What makes signals go in one direction in neurons? It’s important, because a reflex signal from a bump on your knee needs to go in the direction of the controlling muscle and on to the brain, not any which way. Is there some kind of traffic cop that directs the placement of “one way” signs in nerve cells? Indeed there is. According to a press release from the University of Georgia, it’s the enzyme MEC-17. Researchers were not attempting to cure a disease or derive an application from finding this out; they just wanted to know how it works. How do neurons know which direction to send the signals? It appears that MEC-17, which they studied in roundworms, zebrafish and human cancer cells, is responsible for placing the traffic signs, called acetylation marks, on the cellular highways made of microtubules. The paths with lots of these marks are on the sending end, and the paths with few of them are on the receiving end. When the marks are not set properly, bad things happen: zebrafish develop neuromuscular defects, and humans are subject to debilitating neural diseases like Parkinson’s, Alzheimer’s and Huntington’s. This discovery may lead to new treatment strategies by enhancing or inhibiting the action of MEC-17. By noticing that MEC-17 works identically in animals as diverse as roundworms, fish and humans, the researchers deduced that “this microtubule acetylation process using MEC-17 is an evolutionarily conserved function.” Conserved means un-evolved.Saying evolutionarily conserved is like saying “aimlessly straight.” It’s a meaningless phrase we should not be duped into thinking signifies anything logical. This discovery emphasizes once again that things do not just happen; specific parts that are functionally exquisite are necessary for function. One question the research team appeared to overlook, though, is what controls MEC-17? If this enzyme puts up the signs, who is the foreman? We are certainly not consciously controlling much of this in our bodies. Most of it happens without our knowledge. It’s like the infinite regress question: who watches the watchers? The hierarchy of design must eventually stop at a Designer who is omniscient and omnipotent.(Visited 7 times, 1 visits today)FacebookTwitterPinterestSave分享0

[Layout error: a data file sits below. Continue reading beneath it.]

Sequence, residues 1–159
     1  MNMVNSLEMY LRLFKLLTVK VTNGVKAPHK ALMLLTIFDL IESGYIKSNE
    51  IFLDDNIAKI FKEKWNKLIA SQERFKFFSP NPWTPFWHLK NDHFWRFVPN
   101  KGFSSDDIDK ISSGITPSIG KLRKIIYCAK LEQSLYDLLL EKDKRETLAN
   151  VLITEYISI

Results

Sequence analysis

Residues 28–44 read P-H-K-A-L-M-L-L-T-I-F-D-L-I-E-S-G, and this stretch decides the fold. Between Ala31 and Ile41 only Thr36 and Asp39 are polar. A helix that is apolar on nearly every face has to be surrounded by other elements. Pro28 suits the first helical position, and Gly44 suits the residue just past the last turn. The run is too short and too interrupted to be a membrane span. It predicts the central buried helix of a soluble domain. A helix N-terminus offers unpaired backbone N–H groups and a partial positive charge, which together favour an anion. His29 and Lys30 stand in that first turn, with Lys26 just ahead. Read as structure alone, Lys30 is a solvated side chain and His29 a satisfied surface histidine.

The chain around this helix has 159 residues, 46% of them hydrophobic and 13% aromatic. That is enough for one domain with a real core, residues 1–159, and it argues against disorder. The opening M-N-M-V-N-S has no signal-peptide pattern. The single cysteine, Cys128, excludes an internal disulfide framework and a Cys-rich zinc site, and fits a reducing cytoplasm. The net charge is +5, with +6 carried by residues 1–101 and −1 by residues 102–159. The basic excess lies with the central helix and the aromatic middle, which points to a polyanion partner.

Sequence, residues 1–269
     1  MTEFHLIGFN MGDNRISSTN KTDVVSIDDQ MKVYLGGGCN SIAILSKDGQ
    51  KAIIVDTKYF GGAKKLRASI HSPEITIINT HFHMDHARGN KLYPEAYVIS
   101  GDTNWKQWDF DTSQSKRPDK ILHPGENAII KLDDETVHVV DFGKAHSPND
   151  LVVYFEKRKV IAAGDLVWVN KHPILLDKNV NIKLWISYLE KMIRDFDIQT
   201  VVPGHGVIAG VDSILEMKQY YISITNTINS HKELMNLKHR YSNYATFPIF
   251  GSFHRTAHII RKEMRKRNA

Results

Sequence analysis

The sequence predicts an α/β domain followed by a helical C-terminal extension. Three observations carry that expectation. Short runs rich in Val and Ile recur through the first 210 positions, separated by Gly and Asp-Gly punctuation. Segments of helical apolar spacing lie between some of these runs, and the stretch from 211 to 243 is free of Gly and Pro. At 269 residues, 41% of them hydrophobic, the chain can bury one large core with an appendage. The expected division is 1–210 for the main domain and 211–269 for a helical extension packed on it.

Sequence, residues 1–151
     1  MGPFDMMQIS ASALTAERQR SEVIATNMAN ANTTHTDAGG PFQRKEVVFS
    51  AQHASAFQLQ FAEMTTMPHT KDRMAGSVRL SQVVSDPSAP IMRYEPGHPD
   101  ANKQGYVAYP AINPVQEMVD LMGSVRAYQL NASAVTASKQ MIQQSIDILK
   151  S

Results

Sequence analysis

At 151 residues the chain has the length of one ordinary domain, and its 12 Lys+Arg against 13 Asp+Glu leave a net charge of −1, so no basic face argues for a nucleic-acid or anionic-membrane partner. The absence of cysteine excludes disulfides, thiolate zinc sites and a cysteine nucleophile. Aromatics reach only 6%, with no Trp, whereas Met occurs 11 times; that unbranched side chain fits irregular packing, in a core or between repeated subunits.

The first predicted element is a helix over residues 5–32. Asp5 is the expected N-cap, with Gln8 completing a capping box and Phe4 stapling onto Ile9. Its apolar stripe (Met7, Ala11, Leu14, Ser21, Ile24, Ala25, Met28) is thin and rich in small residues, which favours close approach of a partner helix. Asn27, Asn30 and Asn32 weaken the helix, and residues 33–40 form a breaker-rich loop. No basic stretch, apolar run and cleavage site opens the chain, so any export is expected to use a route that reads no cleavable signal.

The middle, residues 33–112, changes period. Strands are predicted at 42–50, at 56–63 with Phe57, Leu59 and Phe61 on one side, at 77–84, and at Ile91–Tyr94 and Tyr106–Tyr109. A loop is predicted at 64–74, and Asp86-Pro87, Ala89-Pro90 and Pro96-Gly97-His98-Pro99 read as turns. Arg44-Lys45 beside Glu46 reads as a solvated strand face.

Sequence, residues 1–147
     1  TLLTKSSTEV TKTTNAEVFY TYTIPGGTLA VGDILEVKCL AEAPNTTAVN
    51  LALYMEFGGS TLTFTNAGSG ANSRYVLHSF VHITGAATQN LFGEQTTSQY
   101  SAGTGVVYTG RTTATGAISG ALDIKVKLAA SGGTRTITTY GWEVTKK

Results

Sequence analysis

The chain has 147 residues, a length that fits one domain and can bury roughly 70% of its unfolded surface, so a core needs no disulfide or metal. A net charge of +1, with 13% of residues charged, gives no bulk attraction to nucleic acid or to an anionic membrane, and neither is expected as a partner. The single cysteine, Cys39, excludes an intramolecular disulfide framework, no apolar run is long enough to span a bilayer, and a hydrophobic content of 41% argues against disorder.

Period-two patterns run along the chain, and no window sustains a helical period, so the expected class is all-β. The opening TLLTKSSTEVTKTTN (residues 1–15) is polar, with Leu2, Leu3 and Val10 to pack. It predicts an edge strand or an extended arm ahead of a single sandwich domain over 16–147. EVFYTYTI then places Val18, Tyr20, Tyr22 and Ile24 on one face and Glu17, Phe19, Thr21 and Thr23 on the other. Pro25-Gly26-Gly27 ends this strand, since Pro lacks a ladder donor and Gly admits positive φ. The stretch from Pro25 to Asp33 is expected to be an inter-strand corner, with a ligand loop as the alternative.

After three days of solid refereeing performances, the National Referees Panel have made the appointments for the finals matches, naming Dave Baggio and Kathy Sweeney as the leading male and female referees respectively. Tournament Referee Director Ian Matthew said it has been a challenging tournament for the referees, some of whom have officiated in up to four games a day. “We lost a few referee’s with injury, so that made it tough,” Matthew said.“But they’ve all come through really well I think, and have done a great job in the circumstances.”Mens Open: Dave Baggio, Keith Steel, and Adam FoleyMixed Open: Richard O’Connor, Mike Medlin, and Luke McKenzieMens 20s: Dale Lawrence, Sam Mournehis, and Greg MyersWomens Open: Nic Hollingworth, Kathy Sweeney, Annabelle ConnollyWomens 20s: Anthony Smith, Jamie Oliver, Bill SladeMens Open Plate: Brendan Antrobus, Damien Carlson, and Bernard O’DonohueWomens Open Plate: Matt Vernon, Mark Kelly and Mark Leonard.